Drexel dragonThe Math ForumDonate to the Math Forum



Search All of the Math Forum:

Views expressed in these public forums are not endorsed by Drexel University or The Math Forum.


Math Forum » Discussions » sci.math.* » sci.math

Topic: conjecture on sums of primes
Replies: 13   Last Post: Apr 18, 2013 12:45 AM

Advanced Search

Back to Topic List Back to Topic List Jump to Tree View Jump to Tree View   Messages: [ Previous | Next ]
piman314@gmail.com

Posts: 4
Registered: 4/17/13
Re: conjecture on sums of primes
Posted: Apr 17, 2013 2:12 PM
  Click to see the message monospaced in plain text Plain Text   Click to reply to this topic Reply

On Saturday, February 4, 2012 3:39:52 PM UTC+8, Butch Malahide wrote:
> On Feb 2, 3:35 am, Paul <pepste...@gmail.com> wrote:
>

> > I conjecture that, for all integers N > 1, there exists an integer E
>
> > such that E can be expressed as the sum of two primes in more than N
>
> > different ways.
>
> >
>
> > Is this conjecture true, false, or unknown?
>
>
>
> It follows from the existence of arbitrarily long arithmetic
>
> progressions of primes:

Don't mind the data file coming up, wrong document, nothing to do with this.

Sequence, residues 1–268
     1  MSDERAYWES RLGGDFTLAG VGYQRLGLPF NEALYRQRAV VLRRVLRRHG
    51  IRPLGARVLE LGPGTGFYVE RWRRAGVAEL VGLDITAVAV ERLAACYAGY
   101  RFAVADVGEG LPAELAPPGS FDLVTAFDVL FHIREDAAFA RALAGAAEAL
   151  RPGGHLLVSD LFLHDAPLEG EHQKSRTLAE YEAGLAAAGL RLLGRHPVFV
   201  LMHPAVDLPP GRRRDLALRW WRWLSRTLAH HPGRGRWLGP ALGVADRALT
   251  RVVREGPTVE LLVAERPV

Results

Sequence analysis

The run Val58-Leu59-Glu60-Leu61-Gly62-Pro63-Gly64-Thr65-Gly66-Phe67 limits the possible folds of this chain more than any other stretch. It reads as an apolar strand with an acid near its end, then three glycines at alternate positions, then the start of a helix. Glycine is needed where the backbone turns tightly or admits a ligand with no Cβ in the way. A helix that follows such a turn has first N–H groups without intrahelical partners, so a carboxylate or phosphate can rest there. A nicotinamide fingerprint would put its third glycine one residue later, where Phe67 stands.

>
>
>
> https://en.wikipedia.org/wiki/Green%E2%80%93Tao_theorem



Yes! I found it as I was *describing* the problem to ask for help from this thread :) :

There's a sequence of K primes, all spaced-out evenly, for any size K. How can you say that there are more than N ways to build-up the same integer using those primes taken 2 at a time? (for any N). (You must use only *those* primes because an 'outside' plus one of those primes, would produce a bunch of different integers, over all those primes).

The answer is sort-of a Gaussian thing: You can take almost any two of the K primes, let's say the bottom and the top ones. Those two added together make an integer E. Add the next-one-up to the next-one-down, and you get the same integer E! And so on, provided you have enough (K) primes to make at least N+1 pairs.
~~~



Point your RSS reader here for a feed of the latest messages in this topic.

[Privacy Policy] [Terms of Use]

© Drexel University 1994-2014. All Rights Reserved.
The Math Forum is a research and educational enterprise of the Drexel University School of Education.